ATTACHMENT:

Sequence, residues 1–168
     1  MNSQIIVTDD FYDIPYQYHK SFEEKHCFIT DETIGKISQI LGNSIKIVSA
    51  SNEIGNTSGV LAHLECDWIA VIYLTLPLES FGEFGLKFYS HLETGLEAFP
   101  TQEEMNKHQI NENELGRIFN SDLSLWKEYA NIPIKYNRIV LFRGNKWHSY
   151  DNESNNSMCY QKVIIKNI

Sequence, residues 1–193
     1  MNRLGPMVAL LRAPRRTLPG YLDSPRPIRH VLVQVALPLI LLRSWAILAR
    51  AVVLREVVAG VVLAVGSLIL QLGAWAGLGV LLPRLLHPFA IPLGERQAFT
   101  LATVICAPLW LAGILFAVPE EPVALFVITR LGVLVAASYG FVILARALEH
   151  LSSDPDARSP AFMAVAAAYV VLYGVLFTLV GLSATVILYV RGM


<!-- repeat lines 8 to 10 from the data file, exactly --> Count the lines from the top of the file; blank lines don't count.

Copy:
    51  AVVLREVVAG VVLAVGSLIL QLGAWAGLGV LLPRLLHPFA IPLGERQAFT
   101  LATVICAPLW LAGILFAVPE EPVALFVITR LGVLVAASYG FVILARALEH
   151  LSSDPDARSP AFMAVAAAYV VLYGVLFTLV GLSATVILYV RGM